Then a little further down the beach, I found this.

I resigned myself to the fact it was a grim day for beachcombing. Nothing like that magical day when I'd found the pocket watch and the windchimes and the rainbow. No, these new objects seemed to be more sour and frightening symbols: items related to our fragile minds and bodies, the ways we try to numb pain, feel less, see nothing.

And then, because Nature and Fate are mischievous in their own ways, I looked down and found this:


A silver watch. A man's watch. Not a pocket watch, but still, a watch. A second watch? I couldn't believe my luck. The tide had turned during my walk so the watch had only just been revealed by the falling water. It's blue face shone out, wet and and glistening among the stones, the time stopped at 4:10. Thick rust in its joints told me it had been in the water for a while, but the smaller dials on its face had stopped on Wednesday the first. In fact, the previous day had been Wednesday the first of February, but I realzed that this watch must have been lost some other month. Some other time. Curious. It was sheer dumb luck that I'd found it. And odd, since I'd been resigned to my frustrations and to the realities of human weakness.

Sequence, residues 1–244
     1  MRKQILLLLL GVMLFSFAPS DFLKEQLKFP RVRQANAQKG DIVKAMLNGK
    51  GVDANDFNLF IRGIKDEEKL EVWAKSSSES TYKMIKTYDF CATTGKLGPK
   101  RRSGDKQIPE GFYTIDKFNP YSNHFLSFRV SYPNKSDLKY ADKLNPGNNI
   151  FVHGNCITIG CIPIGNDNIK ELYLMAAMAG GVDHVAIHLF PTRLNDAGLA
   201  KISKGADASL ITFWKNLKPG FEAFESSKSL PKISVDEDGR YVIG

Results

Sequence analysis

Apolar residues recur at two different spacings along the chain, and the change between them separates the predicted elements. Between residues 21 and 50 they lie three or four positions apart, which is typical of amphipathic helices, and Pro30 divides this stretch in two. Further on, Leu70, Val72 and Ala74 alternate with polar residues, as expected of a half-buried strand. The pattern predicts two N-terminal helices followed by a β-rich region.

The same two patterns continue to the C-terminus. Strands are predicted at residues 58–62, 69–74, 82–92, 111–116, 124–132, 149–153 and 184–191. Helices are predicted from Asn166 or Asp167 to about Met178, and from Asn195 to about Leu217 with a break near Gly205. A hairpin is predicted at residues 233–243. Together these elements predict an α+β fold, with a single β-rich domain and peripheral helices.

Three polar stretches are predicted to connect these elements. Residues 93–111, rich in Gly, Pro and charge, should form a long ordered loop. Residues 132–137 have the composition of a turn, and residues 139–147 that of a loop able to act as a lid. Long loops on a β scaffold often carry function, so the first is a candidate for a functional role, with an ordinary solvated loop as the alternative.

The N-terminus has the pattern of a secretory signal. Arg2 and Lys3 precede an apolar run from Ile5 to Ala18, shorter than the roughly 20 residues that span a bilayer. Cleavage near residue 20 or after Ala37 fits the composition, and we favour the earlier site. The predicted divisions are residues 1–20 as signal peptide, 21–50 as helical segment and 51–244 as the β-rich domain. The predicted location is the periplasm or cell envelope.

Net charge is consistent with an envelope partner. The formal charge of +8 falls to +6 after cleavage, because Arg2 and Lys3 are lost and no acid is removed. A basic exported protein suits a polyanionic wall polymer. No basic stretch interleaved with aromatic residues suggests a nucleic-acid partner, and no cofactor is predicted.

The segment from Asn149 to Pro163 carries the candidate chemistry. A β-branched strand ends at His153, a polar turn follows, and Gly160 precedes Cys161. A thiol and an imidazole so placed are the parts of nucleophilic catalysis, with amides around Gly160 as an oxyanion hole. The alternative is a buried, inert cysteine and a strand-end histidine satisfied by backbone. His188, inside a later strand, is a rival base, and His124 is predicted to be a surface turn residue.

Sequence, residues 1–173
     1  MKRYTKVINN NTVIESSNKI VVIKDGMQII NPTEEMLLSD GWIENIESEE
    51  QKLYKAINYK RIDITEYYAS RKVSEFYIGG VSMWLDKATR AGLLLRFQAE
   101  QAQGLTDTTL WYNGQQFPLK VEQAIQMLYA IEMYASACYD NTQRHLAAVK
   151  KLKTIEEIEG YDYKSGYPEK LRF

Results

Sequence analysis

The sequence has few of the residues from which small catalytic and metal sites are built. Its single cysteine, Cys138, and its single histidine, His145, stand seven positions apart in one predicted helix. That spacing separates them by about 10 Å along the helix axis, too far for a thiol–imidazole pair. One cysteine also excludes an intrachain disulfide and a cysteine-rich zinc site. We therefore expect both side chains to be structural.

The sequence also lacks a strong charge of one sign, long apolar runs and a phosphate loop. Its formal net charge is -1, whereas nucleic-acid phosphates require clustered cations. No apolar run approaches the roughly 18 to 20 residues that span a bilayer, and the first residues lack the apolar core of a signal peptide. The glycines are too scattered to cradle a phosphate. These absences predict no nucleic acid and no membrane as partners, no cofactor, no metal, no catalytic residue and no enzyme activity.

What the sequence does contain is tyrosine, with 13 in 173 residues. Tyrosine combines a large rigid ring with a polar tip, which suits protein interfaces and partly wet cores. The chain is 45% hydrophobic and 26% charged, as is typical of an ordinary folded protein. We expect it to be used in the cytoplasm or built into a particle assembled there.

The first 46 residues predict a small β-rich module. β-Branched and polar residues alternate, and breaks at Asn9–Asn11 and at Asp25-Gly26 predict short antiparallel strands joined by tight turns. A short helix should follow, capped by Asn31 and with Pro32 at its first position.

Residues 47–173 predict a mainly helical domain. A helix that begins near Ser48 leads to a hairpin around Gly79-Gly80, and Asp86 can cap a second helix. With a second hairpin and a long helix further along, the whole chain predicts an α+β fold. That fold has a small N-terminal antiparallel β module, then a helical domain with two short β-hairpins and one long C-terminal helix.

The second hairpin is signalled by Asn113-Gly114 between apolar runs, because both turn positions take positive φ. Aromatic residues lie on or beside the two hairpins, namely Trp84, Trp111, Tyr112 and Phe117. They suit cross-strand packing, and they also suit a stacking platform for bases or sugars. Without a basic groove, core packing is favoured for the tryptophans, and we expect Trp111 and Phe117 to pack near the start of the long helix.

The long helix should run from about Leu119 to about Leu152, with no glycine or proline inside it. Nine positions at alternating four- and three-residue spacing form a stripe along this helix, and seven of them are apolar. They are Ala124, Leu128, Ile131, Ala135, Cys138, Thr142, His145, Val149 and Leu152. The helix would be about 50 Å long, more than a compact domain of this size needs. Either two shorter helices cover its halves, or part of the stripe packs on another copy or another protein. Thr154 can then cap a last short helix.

To be clear, I didn't suddenly feel the same sublime joy as the day of the pocketwatch. This new watch reminded me too much of the men who wear such things, and the troubles that some of them are causing in our world. Plus, the other objects seemed to echo in its shape and weight in my hand.

Time is also fragile. Our perspective can transform hours, days, even eras. What we see, what we feel, what we choose to do, these experiences comprise our short lives.

I would never presume to understand the workings of time, as I would never pretend to know how the sea brought me these things on this particular day. But I knew, as I walked back to my car, that I wanted to write again.

Tuesday, January 31, 2017

Rhysling Nomination

In a world gone mad with terrible news, I received a bit of happy news this past week. My poem, "When the Gunman Comes", has been nominated for a Rhysling Award. I feel astonished, slightly embarrassed, and deeply grateful to the kind soul (whoever you are) who did this lovely thing for me and my poem.

The poem, first published in Mythic Delirium Magazine by the generous Mike Allen, is an exploration of my anxieties about gun violence in America. I still feel close to the sentiments reflected there.

To learn more about the Rhysling Award, click here.

Thank you all, again, for your support.

Thursday, January 19, 2017


Hello sweet friends,

I hope this post finds you well and journeying into the new year with relative ease. I'm feeling okay, though I admit I'm still deeply troubled by the headlines. I'm doing my best to keep my gaze fixed on action, beauty, and art, but I can sense Panic prowling nearby, a hungry old cat. Not that I would deny my fear. I think she just needs to settle by the fire instead of attacking my feet, if you know what I mean.